I love a good analogy. But how do we determine if an analogy is “good”? For me an analogy is good if I’m able to draw a clear picture connecting something I know nothing about to something I know something about. Fair enough. But analogies fall apart and the connection of politics and elections to merely winning or losing a sporting event is a simple line drawing that needs to die.
politics sports, the losers will get on their bus and drive back to where they came from until the next election game. The winners will obviously be, well, winners and do what winners do, right? Take the ball and go home.
But hold on. If we turn the analogy around and politics are sports, the losing team doesn’t get on a bus. The losing team remains in the dugout, or on the bench. Stadium center might be configured as a tennis court, a baseball diamond, a rugby pitch, a hockey rink. Fans remain in the stands. The stadium continues to operate, concessions are sold and whether we’re interested or not, we all live together through all the games. No one takes the ball and goes home.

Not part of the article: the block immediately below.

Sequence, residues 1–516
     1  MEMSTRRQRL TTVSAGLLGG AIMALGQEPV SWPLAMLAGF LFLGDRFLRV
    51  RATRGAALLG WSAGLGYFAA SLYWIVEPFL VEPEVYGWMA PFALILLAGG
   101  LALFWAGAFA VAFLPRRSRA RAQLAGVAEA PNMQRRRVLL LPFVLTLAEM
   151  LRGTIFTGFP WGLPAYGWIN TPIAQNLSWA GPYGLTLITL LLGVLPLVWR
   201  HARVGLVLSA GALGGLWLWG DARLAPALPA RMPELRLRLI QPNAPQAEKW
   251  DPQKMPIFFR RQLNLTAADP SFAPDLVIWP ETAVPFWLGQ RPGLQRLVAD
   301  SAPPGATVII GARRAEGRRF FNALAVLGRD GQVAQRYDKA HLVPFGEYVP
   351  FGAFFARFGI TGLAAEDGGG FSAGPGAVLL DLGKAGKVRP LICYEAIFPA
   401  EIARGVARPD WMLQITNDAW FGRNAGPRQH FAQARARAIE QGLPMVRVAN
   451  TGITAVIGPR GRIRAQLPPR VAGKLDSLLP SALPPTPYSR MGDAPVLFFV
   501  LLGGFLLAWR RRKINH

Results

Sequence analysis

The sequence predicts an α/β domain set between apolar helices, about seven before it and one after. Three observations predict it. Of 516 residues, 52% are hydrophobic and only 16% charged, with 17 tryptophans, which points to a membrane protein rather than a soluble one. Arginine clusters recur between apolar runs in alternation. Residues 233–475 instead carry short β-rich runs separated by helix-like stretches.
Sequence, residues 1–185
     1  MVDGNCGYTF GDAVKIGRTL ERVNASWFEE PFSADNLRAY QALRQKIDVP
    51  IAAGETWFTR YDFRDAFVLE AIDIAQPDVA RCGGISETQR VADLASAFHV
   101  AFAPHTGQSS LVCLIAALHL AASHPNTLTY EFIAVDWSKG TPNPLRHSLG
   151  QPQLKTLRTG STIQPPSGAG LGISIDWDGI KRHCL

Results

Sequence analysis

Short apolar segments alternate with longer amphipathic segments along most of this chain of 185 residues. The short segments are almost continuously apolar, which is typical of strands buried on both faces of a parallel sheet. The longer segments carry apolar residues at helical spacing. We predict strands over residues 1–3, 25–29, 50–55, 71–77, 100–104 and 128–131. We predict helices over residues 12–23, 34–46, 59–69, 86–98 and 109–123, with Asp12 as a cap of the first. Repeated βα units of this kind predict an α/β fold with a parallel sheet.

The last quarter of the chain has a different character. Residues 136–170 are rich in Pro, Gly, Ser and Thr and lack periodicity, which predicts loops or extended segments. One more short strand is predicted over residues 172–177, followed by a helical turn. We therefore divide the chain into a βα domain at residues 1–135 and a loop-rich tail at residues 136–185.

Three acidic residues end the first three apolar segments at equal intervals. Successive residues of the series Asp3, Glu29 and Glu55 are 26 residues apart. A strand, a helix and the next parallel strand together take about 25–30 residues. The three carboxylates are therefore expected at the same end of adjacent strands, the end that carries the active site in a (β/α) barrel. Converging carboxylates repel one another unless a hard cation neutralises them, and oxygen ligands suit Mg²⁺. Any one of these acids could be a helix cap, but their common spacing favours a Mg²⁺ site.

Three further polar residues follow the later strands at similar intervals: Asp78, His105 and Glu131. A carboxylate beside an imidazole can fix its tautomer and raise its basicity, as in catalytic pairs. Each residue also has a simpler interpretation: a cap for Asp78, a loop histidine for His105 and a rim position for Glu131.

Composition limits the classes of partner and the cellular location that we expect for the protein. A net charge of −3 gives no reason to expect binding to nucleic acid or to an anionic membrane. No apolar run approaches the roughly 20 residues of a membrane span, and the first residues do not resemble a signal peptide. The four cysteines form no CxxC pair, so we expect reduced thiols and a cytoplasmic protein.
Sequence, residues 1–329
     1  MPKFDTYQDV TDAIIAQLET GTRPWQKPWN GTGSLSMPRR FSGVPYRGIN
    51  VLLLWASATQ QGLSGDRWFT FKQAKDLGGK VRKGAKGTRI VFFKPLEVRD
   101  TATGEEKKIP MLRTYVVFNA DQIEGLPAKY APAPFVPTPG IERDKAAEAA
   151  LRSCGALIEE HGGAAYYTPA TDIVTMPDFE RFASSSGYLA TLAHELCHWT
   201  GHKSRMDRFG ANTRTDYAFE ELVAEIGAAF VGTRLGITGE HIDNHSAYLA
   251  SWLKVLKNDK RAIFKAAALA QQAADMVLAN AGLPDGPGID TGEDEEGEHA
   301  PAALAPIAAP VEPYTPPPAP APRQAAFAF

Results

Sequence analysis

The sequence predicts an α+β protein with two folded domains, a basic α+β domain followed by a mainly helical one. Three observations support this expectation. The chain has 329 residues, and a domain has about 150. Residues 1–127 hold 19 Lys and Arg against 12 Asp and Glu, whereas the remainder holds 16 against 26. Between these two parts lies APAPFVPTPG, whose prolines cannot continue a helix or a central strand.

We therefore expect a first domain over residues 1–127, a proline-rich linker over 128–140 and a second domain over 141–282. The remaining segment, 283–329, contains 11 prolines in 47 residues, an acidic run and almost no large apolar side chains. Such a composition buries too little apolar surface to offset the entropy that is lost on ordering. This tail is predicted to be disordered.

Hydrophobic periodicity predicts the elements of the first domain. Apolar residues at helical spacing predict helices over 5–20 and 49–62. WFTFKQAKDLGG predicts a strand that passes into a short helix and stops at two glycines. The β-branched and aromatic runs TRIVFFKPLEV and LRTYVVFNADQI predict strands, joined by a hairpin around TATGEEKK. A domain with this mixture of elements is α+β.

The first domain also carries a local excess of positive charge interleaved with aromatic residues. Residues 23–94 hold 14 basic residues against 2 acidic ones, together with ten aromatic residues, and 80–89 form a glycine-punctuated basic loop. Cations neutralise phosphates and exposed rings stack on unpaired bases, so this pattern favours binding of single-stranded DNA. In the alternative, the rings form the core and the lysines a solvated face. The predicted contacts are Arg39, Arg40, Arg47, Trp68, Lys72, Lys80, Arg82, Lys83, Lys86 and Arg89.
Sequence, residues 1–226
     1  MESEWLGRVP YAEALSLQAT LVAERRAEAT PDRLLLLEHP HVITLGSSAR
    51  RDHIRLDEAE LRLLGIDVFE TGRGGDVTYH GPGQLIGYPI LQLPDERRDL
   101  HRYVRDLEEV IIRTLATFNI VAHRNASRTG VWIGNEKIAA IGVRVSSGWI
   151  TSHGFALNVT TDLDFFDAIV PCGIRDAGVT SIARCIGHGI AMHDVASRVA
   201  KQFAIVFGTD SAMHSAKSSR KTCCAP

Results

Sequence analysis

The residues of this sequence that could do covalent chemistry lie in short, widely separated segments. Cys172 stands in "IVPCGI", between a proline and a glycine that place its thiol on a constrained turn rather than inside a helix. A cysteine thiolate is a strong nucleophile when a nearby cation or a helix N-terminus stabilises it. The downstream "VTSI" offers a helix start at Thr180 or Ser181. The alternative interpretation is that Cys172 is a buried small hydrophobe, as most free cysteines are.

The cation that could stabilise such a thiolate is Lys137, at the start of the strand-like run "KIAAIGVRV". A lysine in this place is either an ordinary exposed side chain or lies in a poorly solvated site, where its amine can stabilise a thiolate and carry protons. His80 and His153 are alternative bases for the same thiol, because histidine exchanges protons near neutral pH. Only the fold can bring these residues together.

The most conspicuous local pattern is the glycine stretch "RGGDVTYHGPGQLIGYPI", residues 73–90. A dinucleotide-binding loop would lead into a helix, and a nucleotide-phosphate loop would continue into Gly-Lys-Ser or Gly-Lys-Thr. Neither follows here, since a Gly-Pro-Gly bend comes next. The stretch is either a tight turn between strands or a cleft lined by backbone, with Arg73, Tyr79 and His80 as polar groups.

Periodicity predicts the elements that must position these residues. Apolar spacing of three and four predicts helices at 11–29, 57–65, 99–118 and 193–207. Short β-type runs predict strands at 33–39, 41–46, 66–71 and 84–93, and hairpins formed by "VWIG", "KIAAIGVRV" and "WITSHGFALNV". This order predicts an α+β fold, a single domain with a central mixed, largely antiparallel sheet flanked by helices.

And I hope the current cage-match the POTUS is waging against the office of President ends soon even as I recognize there are fans in the stand who came to see exactly that. A cage-match. And that’s hard to take, knowing that there are others who long for this kind of sport.
With Trump’s disclosure of classified information to Russian officials in the Oval Office, I’ve reached the conclusion that the primary havoc and damage he has done and continues to do is to the sureness, the authority, the dignity expected of someone
sworn in to playing the position of President of the United States.
And if you happen to live in the red, white, and blue section of the stadium, whether you like the cage matches or not, he’s damaged us all.
Because after all,
planet earth, this United States this stadium is home.